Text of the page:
Since your topic is "objective facts"; You call some people iSheep (an insult), they will insult you back.
1. Your main underlying comparison is between the iPhone as a whole and all Android phones;
You wrote; "they've started falling behind at the iPhone 4 and haven't seemed to be able to recover though most people enamoured by their marketing seem to miss this."
- But then you pull a trick where you only compare the iPhone X with many Android phones.
Besides being irritating to cherry pick the features of several phones against one phone, that leads to multiple strawman arguments.
- Fact; the iPhone X does not equal all iPhones being sold by Apple today.
- You don't like things (or possible problems) about the iPhone X; FaceID, the battery life, working in the cold, the green line, without a home button...; then the customer can get an iPhone 8 Plus.
- You don't like other things; it's expensive, no headphone jack, more breakable iPhone; the customer can get an iPhone 7 Plus or 6S Plus.
(And don't add another strawman that these are slow phones. Several iPhone models are fast compared with Android phones according to real world tests.)
* The fact is that the iPhone customer has options with several different devices to choose from. And that demolishes most of your arguments.
2. Other Android vs iOS issues;
"it has no back button..., they could have switched over to USB C..., iOS gives the user less control over their phone's interface"
These are tech preferences. You care about that, which is your privilege but I don't.
- What do I care about?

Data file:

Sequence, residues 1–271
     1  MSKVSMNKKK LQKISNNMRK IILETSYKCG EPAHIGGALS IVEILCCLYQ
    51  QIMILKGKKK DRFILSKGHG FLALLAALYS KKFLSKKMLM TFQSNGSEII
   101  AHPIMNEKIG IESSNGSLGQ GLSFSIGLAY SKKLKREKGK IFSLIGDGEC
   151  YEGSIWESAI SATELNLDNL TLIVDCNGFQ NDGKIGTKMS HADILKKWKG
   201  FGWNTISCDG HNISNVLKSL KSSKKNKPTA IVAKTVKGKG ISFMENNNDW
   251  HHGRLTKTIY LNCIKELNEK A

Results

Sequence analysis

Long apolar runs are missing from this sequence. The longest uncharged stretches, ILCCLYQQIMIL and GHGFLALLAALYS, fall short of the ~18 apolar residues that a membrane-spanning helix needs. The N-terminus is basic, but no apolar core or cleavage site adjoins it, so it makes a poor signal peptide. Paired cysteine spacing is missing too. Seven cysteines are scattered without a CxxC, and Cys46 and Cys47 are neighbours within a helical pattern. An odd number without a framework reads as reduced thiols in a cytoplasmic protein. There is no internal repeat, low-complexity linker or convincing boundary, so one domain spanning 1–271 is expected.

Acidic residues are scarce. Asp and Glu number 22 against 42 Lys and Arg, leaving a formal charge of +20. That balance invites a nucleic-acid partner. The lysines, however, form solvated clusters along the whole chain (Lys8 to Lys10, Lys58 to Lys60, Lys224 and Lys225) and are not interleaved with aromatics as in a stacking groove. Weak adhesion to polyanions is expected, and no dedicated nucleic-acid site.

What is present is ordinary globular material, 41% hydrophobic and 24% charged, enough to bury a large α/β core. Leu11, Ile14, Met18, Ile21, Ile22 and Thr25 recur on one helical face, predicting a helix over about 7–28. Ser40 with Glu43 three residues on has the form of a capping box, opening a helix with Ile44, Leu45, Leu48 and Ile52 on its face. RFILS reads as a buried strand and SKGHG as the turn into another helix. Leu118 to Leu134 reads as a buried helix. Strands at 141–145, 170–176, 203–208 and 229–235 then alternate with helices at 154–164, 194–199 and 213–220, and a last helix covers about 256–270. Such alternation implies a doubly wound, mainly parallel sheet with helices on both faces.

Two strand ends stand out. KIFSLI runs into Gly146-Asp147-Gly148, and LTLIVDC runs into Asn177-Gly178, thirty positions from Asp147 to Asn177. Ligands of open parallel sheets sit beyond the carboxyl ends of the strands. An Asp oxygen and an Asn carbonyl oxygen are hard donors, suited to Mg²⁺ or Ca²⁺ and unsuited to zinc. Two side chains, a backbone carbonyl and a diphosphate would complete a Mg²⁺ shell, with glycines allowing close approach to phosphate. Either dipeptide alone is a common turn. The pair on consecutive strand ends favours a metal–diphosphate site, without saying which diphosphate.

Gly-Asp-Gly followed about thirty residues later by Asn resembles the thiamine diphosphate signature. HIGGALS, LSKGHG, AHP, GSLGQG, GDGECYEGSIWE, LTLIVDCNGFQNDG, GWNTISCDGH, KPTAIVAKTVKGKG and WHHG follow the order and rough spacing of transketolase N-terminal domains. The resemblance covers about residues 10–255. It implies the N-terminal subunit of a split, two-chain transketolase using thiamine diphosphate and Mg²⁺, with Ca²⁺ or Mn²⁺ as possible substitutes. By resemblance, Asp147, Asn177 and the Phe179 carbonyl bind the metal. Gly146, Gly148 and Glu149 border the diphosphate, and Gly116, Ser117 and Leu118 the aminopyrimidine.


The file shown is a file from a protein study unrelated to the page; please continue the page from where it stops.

- On Ars Technica even Android fans admit compared with iOS; the Android OS update system is a mess, security is inferior, and Google with its advertising model is weaker on privacy for users compared with Apple.
That is often why things like cloud services are cheaper with Google because they are mining all your private data for ads.
- Many Android users report the OS skins slowing down over time. Google Nexus/Pixel can fix some of these problems but in many ways the hardware of those phones is inferior to iPhones.
With my tech preferences; iOS is superior to Android.
GeorgeBMac said:lkrupp said:viclauyyc said:
apple sure don’t need outside investors to fund ny project like many company.For many, Apple's biggest attraction has been its horde of cash... They do have a nice operating profit. But that's at far more risk from competition or a manufacturing/design error than a Microsoft. (MS screws up all the time but all they have to do publish another update -- but Apple has a "--Gate" with every new release and nobody knows if or when one of them is going to stick.)Product wise Apple has always had all over Microsoft. But Microsoft has always had a better business model.
Bill Gates spoke about a natural PC OS monopoly in the 80s and MS has it on the desktop with Windows. That led to the MS Office monopoly and now that supports subscriptions to Office.
The financial analysts understand this. They know that MS has desktop monopolies in big companies (including the ones they work for) and in government.
- Now to Microsoft’s screw ups. They are sometimes terrible. Here are just a few of them.
* But very important; many companies and governments are locked into MS products no matter how bad the products can be. For the enterprise, overall, Mac OS or Linux are not replacements for Windows and the MS ecosystem.
- MS may sometimes release junk but companies/government are dependent on MS products.
That = monopoly and that = a steady stream of $.